Bob Dylan - Together Through Life

Bob Dylan - Together Through Life
2009; Colombia; ...I don't know where he lives now but he's generaly associated with New York City

Um....shit. How do you expect me to do this? I mean, is there any harder guy to review new albums of in the world?

Ok, here goes...

I do not believe in comebacks. Or very rarely. Once a band has realised a true true stinker or lost their vitally in some other way I almost never believe they can get it back. I mean, I'm sure the Rolling Stones' latest is ok, and it got pretty good reviews and all, but the moment Steel Wheels hit shelves The Stones were over. And though I'm sure the new one is quite listenable and all but it would be very hard for me to believe that it is in any way exciting or new. Both the Stones and the Stones' fan base want them to create more material like their 1970's work and because of that they walk in increasingly smaller circles. But the Stones stayed relevant for twenty five years and that is a feat. Oasis had three years and two albums before Be Here Now came out and ever since they've been trying to get back to their britpop glory. The Strokes had one album before they stopped mattering. There are some exceptions, Portishead, Nick Cave, Sonic Youth, but these are very rare and far between.

Bob Dylan is a strange case, and initially I wouldn't give his new stuff a second glance. He has dropped a number of bad albums in the past, and further more his stuff is decisively backwards looking. But hes not trying to replicate his own past. He will never make another album that sounds even remotely like Another Side or Highway 61 Revisited. The past he takes his incentive from now is 40's and 50's R&B, blues, and early rock. And on top of that his late period (everything in the last twenty years or from Oh Mercy on) sounds very very dense. Thick. As if it was recorded in a very small room filled with smoke. The backing band never seems to have very much of their written and instead seems to solo off each other through out the whole thing, like cars running back and forth behind Dylan's vocals. Hell, I when people used to ask me for an introduction to Bob Dylan I used to hand them a cd recounting his great songs going backwards from '98 to '63. Most people never made it to Jokerman. No one made it to Don't Think Twice.

But you have to understand, this density, this rambling thick blues, is rebellion. This is because his fans want him to be the Stones and make mediocre material reminiscent of his old self. This is Bob Dylan reaching for the past not out of sentimentality or nostalgia but because he hates everything around him. Listen too him. He is bitter. He is as angry as he was when he wrote Ballad of a Thin Man, angrier maybe. And because of this EVERY SINGLE ALBUM HE RELEASES HAS TO BE TAKEN AS SERIOUSLY AS IF IT CAME OUT IN '63. Are we understood with that? There will be no pity review, no 'well, you know, I have a lot of respect for what the guy did back then so I'll be nice", none of any of that crap.

And hell, I didn't like Modern Times. Its grown on me quite a bit since my purchase in 2006 but at the time I was pissed off, I felt betrayed. There was so much praise heaped on that album, it seemed to me to just be another Bigger Bang. And though I have come to see the worth in that album (well, the singles at least) it was still upsetting to me to see Dylan so old, so dry, so...inert. Together Through Life is almost everything Modern Times isn't. Its dynamic, its moving, it feels young, and most importantly, right away it feels vital. It also, wile still feeling quite dense, is quite a bit more spaced out then the last three albums, it gives you almost the feeling of being right there with him in some dive.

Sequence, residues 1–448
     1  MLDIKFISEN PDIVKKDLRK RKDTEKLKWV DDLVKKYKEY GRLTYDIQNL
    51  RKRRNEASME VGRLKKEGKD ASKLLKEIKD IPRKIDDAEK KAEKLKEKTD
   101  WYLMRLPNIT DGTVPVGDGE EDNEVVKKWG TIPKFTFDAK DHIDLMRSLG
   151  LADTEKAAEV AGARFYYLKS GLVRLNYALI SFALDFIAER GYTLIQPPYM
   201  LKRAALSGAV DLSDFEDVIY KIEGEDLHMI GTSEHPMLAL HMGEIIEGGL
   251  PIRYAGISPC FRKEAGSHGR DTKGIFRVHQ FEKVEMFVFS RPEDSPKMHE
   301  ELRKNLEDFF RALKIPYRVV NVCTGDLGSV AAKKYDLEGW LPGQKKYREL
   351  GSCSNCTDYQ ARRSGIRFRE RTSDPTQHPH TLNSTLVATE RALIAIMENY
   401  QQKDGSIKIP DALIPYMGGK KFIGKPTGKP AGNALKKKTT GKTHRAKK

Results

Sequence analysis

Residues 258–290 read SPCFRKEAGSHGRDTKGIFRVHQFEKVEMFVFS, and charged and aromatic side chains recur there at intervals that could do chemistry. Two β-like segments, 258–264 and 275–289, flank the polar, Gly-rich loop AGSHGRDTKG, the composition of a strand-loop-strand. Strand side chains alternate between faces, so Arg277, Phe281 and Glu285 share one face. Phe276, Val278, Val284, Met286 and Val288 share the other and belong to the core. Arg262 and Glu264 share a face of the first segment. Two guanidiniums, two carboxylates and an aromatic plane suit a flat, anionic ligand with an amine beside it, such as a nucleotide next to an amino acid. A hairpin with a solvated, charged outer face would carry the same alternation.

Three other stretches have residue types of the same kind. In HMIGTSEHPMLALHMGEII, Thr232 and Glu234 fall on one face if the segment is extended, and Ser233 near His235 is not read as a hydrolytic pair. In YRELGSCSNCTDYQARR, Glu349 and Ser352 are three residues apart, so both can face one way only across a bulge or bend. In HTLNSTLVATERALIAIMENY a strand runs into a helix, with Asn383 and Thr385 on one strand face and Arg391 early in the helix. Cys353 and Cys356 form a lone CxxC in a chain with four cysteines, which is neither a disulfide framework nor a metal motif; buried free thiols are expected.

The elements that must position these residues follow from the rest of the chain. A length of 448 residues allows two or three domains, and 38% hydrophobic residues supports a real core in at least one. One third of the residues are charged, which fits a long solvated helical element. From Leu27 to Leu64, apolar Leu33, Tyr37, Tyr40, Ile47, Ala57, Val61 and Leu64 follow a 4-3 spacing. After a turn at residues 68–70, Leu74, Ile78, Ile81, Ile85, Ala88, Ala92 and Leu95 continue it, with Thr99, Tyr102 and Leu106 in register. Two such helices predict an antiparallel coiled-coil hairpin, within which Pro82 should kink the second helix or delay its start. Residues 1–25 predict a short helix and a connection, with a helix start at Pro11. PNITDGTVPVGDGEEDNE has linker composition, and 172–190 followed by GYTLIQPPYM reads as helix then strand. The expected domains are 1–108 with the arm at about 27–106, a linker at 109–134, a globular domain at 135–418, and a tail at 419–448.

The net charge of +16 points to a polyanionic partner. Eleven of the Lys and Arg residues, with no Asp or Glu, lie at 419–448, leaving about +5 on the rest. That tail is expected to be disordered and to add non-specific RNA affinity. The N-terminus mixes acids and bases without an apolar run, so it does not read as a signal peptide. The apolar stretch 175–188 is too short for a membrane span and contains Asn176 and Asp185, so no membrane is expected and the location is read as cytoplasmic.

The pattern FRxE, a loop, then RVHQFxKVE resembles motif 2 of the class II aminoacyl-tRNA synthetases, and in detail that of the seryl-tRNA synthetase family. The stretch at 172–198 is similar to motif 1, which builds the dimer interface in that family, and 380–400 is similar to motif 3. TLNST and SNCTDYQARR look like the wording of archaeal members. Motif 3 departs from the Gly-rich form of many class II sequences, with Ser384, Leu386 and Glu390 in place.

Bob Dylan has always had a penchant for the blues, some of my favorite of his from the sixty's fall into the twelve bar format, but at this point in time we can go as far as to call it his main style of movement. Bob Dylan these days is an electric blues artist, taking much more from John Lee Hooker and Muddy Waters then Woody Guthrie. The instruments of his backing band are all but constantly soloing, guitar lines swirling around infront of the walking bass line. The album also showcases heavy use of,  inexplicably, an accordion that sounds like a bridge between eclectic guitar and a pipe organ.

And to tell the truth, I would be ecstatically calling this the best blues album since Texas Flood (well, actually, I think De Stijl was better then Texas Flood but no one will back me up there) if it were made by a new artist. It is full of the kind of passion that you don't expect from a man pushing seventy. The songs are weighty, angry, and bitter. There's the shouting or the distorted guitars but you'll find that "Beyond Here Lies Nothin'" and the amazing "It's All Good" burn every bit as hot as, say, Modest Mouse's "The Devil's Workday". The stand out for me though continues to be "Life Is Hard" which is resigned and beautiful through its tense feel. 

I'm guessing its not going to get rave reviews from anyone else. How could it? We are all so expecting him to follow in the path of, well, every other artist from his generation. And the media gave so much praise to the last three albums that it would make them feel redundant to love this one as well. Not to mention another stylistic shift. None the less, in my mind this is his best album since Oh Mercy, probably better then Oh Mercy even. Hopefully we'll have some other old artists realize they're still alive and start making music to reflect it. But I wouldn't count on it. 

1. Beyond Here Lies Nothin'
2. Life Is Hard
3. My Wife's Home Town
4. If You Ever Go To Houston
5. Forgetful Heart
6. Jolene
7. This Dream Of You
8. Shake Shake Mama
9. I Feel A Change Comin' On
10. It's All Good

for as long as love will last

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